Thursday, February 25, 2010

famous russian military leaders part 1

This is hopefully the beginning of a string of blogs about famous Russian military heroes. Included is a bit about their lives, their exploits, and their legacies.

Early life: This is a statue of St. Alexander Nevsky. He was born in central Russia in 1219 to Prince Yaroslav in a town called Pereaslval. His family was very devout and he was thrust into political intrigue at a very young age. At the age of three his father was elected to rule over the prosperous town of Novgorod. He was placed under control of his older brother back home. However, at the age of nine his brother died on his wedding night and his father was uplifted to the title of Prince of Kiev and ruler of all Russia. By right of succession he was given the fief of Novgorod. In 1238 the Mongols invaded although they were lucky they were halted at the city gates.

Major accomplishments: Nevsky is known for two things: beating back the advance of the Teutonic knights and sacrificing his pride and nobility to secure the borders of Russia. By the late 1230's the German order of the Teutonic knights, a holy order equivalent of the Knights Templar, and the kingdom of Sweden engaged in a holy crusade to forcibly "convert" the Slavs around the Baltic Sea and Northern Russia. Alexander first defeated the Swedes at the Battle of the Neva River, earning the name "Nevsky", after a forced march through the swamps and joining battle at sunrise. He then defeated the Teutonic Order his most famous battle, the Battle on the Ice. After engaging the Teutons on Lake Chudskoye Alexander's army of shop keepers and Russian boyars or knights managed to beat off the Teuton charge and rout them. It was the first time in history foot soldiers had beaten the armored knight. After stalling the German advance Alexander campaigned in Lithuania, preventing an Lithuanian expansion. After dealing with opponents in the West he turned his attention to the East. Here he committed what is widely regarded as his most selfless act. After his father was supposedly assassinated by the Mongol khan Alexander assumed the duties of the Ruler of the Russian people and turned to his Eastern enemies for help. This was a moment of historical necessity since there was no way he could deal with incursions from two great powers at once and the Mongols could provide much needed military strength to combat the Europeans. However, the Mongols were impressed that a man with such a great reputation would surrender to them and allowed him to continue to rule and to maintain his Christian beliefs. He managed to maintain a tenuous peace and died in 1263 after renouncing his princely title and adopting the habit of a monk.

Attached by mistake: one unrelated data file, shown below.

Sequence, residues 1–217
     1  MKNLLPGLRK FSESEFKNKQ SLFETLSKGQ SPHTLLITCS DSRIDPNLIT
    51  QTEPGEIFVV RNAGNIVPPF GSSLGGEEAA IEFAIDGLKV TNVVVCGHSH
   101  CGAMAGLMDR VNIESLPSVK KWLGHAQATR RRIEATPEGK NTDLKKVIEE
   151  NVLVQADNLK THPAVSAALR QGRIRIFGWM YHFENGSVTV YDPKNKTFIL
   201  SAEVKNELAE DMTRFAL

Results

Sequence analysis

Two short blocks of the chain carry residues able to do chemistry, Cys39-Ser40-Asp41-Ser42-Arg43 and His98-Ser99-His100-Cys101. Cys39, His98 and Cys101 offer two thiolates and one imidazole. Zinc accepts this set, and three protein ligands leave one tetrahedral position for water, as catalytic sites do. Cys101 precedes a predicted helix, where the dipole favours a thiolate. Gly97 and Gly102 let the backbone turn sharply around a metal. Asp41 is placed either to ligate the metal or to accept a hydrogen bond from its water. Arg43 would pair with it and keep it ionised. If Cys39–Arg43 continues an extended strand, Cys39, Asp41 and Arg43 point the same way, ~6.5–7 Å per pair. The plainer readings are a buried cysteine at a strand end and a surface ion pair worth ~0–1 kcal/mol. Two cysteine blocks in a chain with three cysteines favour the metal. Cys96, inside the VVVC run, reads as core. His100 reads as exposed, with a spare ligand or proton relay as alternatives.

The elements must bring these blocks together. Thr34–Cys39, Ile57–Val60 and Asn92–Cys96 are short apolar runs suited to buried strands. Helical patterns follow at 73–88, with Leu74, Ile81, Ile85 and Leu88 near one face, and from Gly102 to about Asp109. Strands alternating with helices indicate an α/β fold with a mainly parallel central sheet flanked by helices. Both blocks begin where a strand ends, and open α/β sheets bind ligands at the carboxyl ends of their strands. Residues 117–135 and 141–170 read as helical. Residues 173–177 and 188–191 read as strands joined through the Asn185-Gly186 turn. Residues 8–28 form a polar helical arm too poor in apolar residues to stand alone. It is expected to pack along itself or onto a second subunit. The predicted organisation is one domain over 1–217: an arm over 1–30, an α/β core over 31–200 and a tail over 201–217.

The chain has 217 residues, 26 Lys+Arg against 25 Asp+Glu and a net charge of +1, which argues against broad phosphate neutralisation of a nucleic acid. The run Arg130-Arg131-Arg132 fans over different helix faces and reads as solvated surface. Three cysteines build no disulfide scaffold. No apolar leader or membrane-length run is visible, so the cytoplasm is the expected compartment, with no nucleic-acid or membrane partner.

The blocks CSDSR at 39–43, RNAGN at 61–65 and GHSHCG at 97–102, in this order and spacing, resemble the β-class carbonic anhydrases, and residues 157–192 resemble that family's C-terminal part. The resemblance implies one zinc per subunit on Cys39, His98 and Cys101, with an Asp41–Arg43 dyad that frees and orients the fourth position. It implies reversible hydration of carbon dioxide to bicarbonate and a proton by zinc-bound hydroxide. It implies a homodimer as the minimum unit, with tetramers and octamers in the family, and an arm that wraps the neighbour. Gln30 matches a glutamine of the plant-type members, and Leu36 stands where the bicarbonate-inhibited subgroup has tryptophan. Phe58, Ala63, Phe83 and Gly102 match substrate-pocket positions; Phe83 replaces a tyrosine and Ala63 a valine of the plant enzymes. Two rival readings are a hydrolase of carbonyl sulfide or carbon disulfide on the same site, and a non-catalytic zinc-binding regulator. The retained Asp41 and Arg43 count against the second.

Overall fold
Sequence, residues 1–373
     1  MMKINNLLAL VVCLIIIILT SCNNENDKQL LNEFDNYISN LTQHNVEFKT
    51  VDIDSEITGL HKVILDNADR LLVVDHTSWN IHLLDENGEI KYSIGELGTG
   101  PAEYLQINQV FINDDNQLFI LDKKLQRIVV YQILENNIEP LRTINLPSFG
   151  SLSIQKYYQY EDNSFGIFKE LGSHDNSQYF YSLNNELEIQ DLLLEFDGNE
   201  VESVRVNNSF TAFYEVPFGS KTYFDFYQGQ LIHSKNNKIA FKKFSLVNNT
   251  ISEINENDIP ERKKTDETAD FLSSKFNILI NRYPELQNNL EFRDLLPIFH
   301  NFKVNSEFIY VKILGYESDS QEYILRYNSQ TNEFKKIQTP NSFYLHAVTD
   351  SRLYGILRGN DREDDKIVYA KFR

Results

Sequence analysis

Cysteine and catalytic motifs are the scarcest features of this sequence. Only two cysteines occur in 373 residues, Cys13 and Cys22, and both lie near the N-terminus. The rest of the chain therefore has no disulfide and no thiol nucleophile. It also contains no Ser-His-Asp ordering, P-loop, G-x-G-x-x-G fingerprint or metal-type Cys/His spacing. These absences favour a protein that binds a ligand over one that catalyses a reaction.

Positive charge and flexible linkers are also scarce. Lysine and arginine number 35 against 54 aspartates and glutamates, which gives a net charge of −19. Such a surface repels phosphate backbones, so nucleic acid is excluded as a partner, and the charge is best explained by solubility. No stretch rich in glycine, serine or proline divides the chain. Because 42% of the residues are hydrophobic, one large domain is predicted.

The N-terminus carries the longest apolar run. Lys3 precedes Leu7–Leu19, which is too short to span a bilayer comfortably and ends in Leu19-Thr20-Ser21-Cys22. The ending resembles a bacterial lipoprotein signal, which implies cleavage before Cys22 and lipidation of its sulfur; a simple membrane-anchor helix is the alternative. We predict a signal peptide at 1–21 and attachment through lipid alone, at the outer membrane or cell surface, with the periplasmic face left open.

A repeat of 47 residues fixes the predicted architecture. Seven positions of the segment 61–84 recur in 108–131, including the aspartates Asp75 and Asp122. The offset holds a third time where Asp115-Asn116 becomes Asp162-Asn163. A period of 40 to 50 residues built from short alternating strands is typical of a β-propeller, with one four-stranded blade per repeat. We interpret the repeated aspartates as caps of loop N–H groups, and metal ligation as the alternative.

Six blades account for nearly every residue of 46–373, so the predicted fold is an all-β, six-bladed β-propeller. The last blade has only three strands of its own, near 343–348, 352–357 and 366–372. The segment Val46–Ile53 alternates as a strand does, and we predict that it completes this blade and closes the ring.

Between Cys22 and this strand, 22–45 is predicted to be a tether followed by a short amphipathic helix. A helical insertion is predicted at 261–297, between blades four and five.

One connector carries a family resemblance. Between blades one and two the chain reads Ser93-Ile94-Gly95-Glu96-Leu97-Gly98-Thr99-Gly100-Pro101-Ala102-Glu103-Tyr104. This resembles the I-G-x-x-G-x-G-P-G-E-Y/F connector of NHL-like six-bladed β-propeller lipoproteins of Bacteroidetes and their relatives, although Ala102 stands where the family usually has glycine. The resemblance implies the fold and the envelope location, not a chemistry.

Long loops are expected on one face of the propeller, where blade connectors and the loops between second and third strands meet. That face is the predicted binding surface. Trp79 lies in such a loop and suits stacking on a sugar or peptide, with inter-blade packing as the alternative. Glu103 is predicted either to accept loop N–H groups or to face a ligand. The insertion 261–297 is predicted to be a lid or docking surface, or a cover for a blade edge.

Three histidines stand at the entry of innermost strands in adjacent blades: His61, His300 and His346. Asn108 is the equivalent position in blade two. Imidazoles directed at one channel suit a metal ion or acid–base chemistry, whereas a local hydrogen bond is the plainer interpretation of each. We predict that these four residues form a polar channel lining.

Legacy: Alexander Nevsky was hailed as the savior of the Russian people and as their greatest hero. He was cannonized as a saint in 1547 and after Peter the Great defeated the Swedes again in 1721 his remains were moved to St. Petersburg and laid in a glorious tomb that can still be seen today. In 1725 Peter created the Order of St. Alexander Nevsky, which is now the most important medal awarded for bravery in battle second only to the Order of St. Andrew (trust me most of these military heroes have medals named after them). Alexander Nevsky's life is widely remembered as a life of dedicated service, devout faith, and selfless sacrifice for Mother Russia. In a recent poll native Russians named him as the most popular historical Russian figure and his influence continues to inspire people today.

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